Giants score, but don't score enough
Three runs break 21-inning drought, but Mets come back
NEW YORK -- The Giants fixed their shutout problem Thursday. But the offense still malfunctions, the bullpen remains leaky and their collective attitude needed some adjusting.This flawed group lurched to its fourth loss in a row and fifth in its past six games with a 7-3 loss to the New York Mets, who completed a three-game series sweep and have now won six straight. San Francisco, which fell a season-high 14 games below .500 (39-53), avoided a third consecutive shutout for the first time since June 1992. But the Giants mustered a mere three hits for the third game in a row and finished the series 9-for-89 (.101) against Mets pitching. Concerned about a possible lack of commitment among players, manager Bruce Bochy conducted a pregame meeting in which he urged the Giants to remain focused for the final three games before the All-Star break. The Giants travel to Chicago, which happens to own the National League's best record. "You have to look forward to the challenge," Bochy said. "That's something that we addressed." The Giants challenged the Mets until Fernando Tatis' two-run homer off Sergio Romo (0-1) broke a 3-3 tie with one out in the seventh inning. This ignited a four-run outburst that was abetted by third baseman Jose Castillo's throwing error. Romo, the rookie right-hander, had allowed only one run in his previous six outings. But his lapse against the Mets reflected the woes of the Giants' relievers, who have allowed 21 runs (16 earned) in 28 2/3 innings spanning the past three series. "We just got outplayed," Bochy said. "We got outpitched. We got outhit. We didn't play well on defense. This was probably our worst series of the year." Tatis' instant offense contrasted starkly with the Giants' sustained punchlessness. They have homered once in their past six games and four times in the past 10. Cleanup hitter Bengie Molina has gone 135 at-bats without homering. Aaron Rowand (130 at-bats) and Randy Winn (126) possess similar streaks. But the Giants' offensive malaise extends beyond power. Rowand, who brings a sense of urgency into every game, fumed overnight after Wednesday's 5-0 loss. Although he refused to criticize anybody by name, Rowand made it obvious that he detected less than a professional mind-set among teammates. Before Thursday's game, he emphasized the need to treat each plate appearance with utmost seriousness. "When you're facing pitchers like we faced the last couple of nights, you really have to go up there and grind out your at-bats," Rowand said. "You're not going to get any easy at-bats against those guys. ... You can't go up without an approach or an idea of what you want to try to accomplish, because you're not going to get any 'gimme' base hits against them. They're way too good. You have to literally go up with the idea that I'm going to grind out this at-bat and get a base hit, no matter what it takes. They're not going to give you any 'cookies' to hit." The Giants apparently listened to Bochy and Rowand. Six of their first seven hitters worked the count full, and San Francisco maintained enough patience to force Mets starter John Maine from the game after he threw 109 pitches in 4 2/3 innings. But the Giants needed assistance to score their first run. John Bowker doubled with one out in the fourth inning, advanced to third base on Eliezer Alfonzo's groundout and came home on Maine's wild pitch. San Francisco added a pair of runs in more authoritative fashion one inning later on Winn's two-run single. But that was hardly the product of sustained offense, as pitcher Barry Zito drew a rare walk and Fred Lewis also walked before Winn delivered his two-out hit. "We still didn't swing the bats very well," Bochy said. Rowand detected improvement in the Giants' plate approach, but he noted that some hitters might have "tried to do too much." He reserved his harshest criticism for himself, citing at-bats in which he worked the count full but fouled out and struck out on bad pitches. "I probably should have walked," he said. Don't mention walks to Zito, even though this setback can't be pinned on him. The left-hander walked six in five-plus innings and complained that his changeup moved too erratically. That prevented him from duplicating his last outing, when he allowed two runs in seven innings in a 5-2 triumph over Los Angeles. But he managed to limit the Mets to three runs (two earned). Zito's no-decision left him 4-12 with a 5.62 ERA entering the All-Star break, including 2-1 with a 3.42 ERA in his past four outings. "It's hard to group the first half together," Zito said, summarizing his performance thus far. "I've felt like a different guy the last four games. I just want to keep going and be more like myself in every start." The Giants are still trying to find themselves, too.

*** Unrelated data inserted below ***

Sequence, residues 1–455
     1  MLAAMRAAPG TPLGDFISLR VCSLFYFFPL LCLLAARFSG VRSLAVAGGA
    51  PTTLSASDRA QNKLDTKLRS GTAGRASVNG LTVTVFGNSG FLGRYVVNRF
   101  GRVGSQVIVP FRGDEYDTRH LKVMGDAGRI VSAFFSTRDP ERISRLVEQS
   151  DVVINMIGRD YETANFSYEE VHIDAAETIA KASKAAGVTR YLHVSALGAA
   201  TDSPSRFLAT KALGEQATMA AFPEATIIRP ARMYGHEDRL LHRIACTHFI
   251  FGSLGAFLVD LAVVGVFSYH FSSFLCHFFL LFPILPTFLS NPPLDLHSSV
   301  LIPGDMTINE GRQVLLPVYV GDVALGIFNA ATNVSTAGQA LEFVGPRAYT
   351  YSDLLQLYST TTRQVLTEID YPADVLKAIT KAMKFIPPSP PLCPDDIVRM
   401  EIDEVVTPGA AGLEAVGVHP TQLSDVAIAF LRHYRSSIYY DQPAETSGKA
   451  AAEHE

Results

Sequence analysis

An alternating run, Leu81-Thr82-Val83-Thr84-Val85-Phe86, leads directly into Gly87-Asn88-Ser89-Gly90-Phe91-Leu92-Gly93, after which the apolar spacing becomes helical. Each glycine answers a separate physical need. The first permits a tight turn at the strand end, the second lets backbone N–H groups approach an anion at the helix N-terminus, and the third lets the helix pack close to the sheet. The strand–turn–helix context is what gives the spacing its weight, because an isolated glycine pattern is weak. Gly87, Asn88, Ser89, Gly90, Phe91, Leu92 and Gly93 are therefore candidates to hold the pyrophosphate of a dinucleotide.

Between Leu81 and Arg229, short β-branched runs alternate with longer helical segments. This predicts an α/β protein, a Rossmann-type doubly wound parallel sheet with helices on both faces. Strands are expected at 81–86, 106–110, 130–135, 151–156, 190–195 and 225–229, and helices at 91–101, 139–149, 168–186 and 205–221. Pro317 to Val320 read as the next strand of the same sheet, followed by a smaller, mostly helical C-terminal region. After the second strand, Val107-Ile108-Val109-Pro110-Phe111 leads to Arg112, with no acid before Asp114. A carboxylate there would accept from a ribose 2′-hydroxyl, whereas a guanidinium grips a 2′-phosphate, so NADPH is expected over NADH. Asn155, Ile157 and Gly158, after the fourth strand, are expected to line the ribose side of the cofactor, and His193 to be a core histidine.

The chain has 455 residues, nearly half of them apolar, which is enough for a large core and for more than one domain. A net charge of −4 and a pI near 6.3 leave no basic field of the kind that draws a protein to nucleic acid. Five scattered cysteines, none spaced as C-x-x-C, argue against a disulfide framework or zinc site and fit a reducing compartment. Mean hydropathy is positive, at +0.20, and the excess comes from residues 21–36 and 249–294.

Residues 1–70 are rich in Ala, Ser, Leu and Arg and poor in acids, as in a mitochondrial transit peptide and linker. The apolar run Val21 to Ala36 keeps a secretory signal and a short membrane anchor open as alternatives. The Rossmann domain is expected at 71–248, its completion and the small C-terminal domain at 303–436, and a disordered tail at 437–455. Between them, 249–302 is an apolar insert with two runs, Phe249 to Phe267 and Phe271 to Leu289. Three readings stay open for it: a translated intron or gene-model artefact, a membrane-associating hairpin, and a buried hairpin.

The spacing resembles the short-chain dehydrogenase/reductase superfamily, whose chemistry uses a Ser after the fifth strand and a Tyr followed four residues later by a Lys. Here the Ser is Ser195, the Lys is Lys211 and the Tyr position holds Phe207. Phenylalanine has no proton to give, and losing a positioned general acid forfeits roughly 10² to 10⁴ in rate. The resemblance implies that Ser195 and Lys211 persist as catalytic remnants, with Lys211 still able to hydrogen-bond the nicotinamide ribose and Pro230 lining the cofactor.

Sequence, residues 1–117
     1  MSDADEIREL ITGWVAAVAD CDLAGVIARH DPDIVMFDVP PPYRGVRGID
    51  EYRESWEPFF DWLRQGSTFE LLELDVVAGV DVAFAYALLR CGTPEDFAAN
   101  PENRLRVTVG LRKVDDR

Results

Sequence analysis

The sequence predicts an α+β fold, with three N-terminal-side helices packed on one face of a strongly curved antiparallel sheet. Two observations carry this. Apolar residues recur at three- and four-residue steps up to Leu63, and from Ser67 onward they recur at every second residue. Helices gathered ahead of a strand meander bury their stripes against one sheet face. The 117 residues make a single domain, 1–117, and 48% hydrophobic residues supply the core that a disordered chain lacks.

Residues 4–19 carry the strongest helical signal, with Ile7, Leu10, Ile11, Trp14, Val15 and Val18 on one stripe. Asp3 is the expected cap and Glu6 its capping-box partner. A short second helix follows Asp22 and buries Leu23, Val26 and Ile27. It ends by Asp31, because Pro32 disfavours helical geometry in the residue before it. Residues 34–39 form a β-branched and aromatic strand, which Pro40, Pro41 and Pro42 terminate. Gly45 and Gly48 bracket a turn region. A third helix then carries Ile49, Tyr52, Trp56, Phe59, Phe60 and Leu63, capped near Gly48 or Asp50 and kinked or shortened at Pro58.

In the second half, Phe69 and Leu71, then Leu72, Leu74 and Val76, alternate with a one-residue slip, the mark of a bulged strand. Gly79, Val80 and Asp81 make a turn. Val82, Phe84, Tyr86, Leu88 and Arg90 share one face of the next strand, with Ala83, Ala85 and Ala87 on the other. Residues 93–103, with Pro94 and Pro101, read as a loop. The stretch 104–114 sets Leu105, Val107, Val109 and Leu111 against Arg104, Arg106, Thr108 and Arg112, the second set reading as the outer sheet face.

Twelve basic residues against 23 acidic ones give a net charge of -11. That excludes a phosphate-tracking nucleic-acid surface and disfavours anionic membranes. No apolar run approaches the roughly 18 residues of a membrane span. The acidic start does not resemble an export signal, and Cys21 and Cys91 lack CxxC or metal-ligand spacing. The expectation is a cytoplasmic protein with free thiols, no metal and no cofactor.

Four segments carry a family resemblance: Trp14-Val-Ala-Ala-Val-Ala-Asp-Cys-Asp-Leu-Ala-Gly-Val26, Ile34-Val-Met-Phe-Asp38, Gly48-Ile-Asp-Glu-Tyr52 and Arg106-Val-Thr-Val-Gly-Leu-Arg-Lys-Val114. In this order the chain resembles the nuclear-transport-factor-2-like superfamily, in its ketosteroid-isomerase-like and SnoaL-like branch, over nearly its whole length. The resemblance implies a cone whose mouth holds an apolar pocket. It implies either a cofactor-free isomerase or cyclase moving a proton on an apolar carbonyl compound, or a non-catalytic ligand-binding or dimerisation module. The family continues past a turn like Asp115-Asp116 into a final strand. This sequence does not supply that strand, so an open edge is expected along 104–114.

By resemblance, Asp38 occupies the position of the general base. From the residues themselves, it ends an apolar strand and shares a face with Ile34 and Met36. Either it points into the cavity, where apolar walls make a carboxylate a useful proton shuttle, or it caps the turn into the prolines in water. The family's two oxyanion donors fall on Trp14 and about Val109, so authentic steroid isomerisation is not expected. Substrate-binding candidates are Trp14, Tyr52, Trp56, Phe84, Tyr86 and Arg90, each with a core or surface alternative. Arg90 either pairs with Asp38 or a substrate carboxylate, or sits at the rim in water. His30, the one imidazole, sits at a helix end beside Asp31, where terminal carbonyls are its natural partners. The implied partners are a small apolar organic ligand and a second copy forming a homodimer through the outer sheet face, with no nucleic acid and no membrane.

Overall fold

Chris Haft is a reporter for MLB.com. This story was not subject to the approval of Major League Baseball or its clubs.